Boeing will suspend production of the 737 Max in January amid the continued grounding of the narrowbody into next year, the company confirmed after the close of the New York Stock Exchange on December 16, noting that the reduced output would allow it to prioritize delivery of the some 400 aircraft now in storage. The decision came less than a week after FAA Administrator Stephen Dickson said the certification process would extend into next year, an eventuality about which Boeing CEO Dennis Muilenburg warned during the company’s third-quarter earnings call could result in a halt or significant slowdown of production.
While testifying before the House of Representatives Transportation Committee on December 11, Dickson said that authorities must meet a number of milestones before allowing the airplane to fly in service again, including a certification flight test and completion of work by the joint operations evaluation board involving evaluation of pilot training needs.
Boeing said the grounding would not result in any layoffs at its narrowbody plant in Renton, Washington, and that it would reassign employees to other sites in the Puget Sound region. “As we have throughout the 737 Max grounding, we will keep our customers, employees, and supply chain top of mind as we continue to assess appropriate actions,” said Boeing in a statement. “This will include efforts to sustain the gains in production system and supply chain quality and health made over the last many months.”
The company called the decision the “least disruptive” option to maintaining long-term production systems and supply chain health. Along with the extension of certification into 2020, factors that led to the move include uncertainty about the timing and conditions of return to service and global training approvals “and the importance of ensuring that we can prioritize the delivery of stored aircraft,” added the company.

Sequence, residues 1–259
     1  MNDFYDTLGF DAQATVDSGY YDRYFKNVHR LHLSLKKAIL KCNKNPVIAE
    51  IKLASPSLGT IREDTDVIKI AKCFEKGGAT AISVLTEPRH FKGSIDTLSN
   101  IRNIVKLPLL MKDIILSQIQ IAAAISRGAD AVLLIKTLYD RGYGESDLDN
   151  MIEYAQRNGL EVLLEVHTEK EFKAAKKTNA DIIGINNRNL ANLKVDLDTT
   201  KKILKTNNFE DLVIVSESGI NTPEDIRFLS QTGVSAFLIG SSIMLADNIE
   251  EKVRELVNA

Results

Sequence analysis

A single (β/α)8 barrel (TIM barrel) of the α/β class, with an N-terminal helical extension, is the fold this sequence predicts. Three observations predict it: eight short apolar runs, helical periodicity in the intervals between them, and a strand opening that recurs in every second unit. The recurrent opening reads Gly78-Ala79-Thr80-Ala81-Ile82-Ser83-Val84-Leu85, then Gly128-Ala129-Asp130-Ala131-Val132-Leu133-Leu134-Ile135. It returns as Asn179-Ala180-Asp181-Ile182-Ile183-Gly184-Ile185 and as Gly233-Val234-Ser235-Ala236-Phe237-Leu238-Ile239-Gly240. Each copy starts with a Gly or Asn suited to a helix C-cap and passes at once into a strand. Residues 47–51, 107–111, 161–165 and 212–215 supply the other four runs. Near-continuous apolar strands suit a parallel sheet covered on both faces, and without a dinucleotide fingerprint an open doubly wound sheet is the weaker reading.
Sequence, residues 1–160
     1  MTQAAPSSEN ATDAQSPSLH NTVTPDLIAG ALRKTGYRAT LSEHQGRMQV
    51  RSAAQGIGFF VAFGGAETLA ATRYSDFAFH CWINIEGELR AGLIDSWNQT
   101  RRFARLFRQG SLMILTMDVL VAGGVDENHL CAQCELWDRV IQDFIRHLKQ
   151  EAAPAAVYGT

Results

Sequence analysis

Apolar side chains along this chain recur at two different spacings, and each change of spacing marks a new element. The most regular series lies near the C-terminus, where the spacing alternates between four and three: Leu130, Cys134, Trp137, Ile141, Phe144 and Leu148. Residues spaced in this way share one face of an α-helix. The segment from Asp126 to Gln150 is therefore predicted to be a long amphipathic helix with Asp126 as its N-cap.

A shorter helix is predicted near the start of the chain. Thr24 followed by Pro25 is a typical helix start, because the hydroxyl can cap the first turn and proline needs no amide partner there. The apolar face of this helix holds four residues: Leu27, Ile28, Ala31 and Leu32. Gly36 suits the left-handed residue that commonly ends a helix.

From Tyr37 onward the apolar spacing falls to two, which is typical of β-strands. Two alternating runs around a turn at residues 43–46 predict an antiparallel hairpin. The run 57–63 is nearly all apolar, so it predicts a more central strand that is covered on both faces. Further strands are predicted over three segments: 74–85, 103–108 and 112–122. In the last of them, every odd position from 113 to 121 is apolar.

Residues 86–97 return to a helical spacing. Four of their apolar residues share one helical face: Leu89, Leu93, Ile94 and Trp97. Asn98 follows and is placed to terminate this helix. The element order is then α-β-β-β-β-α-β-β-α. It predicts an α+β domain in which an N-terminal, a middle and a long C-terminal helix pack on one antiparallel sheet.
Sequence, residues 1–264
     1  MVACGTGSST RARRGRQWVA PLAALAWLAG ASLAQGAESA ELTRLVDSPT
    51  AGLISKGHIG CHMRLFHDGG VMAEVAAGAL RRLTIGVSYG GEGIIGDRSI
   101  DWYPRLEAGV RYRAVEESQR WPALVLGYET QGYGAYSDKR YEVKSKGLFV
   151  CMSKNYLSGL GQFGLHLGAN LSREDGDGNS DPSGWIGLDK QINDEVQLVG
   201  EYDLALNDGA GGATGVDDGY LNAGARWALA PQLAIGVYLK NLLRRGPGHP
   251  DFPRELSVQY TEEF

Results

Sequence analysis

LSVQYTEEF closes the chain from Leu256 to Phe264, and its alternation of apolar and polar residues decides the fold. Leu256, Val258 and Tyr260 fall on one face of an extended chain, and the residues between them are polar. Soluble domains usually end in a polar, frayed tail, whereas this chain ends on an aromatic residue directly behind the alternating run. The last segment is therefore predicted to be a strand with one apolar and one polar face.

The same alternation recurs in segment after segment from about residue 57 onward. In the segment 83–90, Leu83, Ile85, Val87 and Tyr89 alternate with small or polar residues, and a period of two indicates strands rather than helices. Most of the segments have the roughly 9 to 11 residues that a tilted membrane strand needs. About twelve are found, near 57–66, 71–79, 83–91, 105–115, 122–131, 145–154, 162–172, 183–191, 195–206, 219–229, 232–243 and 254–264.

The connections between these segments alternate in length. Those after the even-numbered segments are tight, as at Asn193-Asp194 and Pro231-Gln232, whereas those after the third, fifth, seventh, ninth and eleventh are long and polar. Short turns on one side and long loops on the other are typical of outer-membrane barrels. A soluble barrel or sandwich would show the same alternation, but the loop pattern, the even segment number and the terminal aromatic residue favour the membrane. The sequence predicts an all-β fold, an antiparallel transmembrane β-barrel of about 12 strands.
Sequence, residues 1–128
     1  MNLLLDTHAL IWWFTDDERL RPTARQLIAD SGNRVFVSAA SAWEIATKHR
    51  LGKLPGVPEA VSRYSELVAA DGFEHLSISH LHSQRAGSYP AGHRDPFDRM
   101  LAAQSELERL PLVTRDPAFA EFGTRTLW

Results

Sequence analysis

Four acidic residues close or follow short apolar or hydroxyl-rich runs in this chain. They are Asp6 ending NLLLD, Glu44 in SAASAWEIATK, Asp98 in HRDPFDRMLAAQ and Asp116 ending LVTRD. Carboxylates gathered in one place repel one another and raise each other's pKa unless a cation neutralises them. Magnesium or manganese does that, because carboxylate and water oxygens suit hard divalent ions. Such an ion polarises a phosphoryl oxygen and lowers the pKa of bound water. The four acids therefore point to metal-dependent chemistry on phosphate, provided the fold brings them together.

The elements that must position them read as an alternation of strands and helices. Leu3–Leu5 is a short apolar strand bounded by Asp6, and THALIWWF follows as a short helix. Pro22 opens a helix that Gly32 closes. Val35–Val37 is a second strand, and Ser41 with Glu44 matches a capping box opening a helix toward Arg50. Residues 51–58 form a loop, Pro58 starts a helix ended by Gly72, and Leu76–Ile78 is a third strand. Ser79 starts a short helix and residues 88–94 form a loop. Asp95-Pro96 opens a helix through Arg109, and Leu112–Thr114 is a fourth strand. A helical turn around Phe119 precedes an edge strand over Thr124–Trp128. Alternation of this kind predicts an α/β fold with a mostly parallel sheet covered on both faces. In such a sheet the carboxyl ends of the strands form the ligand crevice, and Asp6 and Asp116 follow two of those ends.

While the planned suspension of the 737 Max production line will certainly preserve cash for Boeing, it will also send ripples through a supplier network populated with companies ranging from subassembly makers to fastener manufacturers. Few have said with any certainty to what extent they expect the shutdown to affect their operations and bottom lines, however.
Some of the higher-profile companies such as fuselage supplier Spirit Aerosystems and the two members of the CFM engine partnership have in past financial statements reported on the effects they have already felt since the Max’s grounding in March. Neither Spirit nor CFM, however, would talk about what contingency plans they and Boeing have formulated in the event of a complete line shutdown in Renton, Washington.
“Following Boeing's decision to temporarily suspend production on the 737 Max program from January 2020, CFM is working closely with its suppliers and partners to assess this new situation and its consequences,” said CFM in a statement.
For its part, Spirit issued a similarly opaque statement. "Following the announcement from Boeing that they will temporarily halt production of the 737 MAX, we are working closely with our customer to determine what that means for Spirit,” it said. “As decisions are made on how to best mitigate this additional impact, we will communicate any new information to employees and other stakeholders."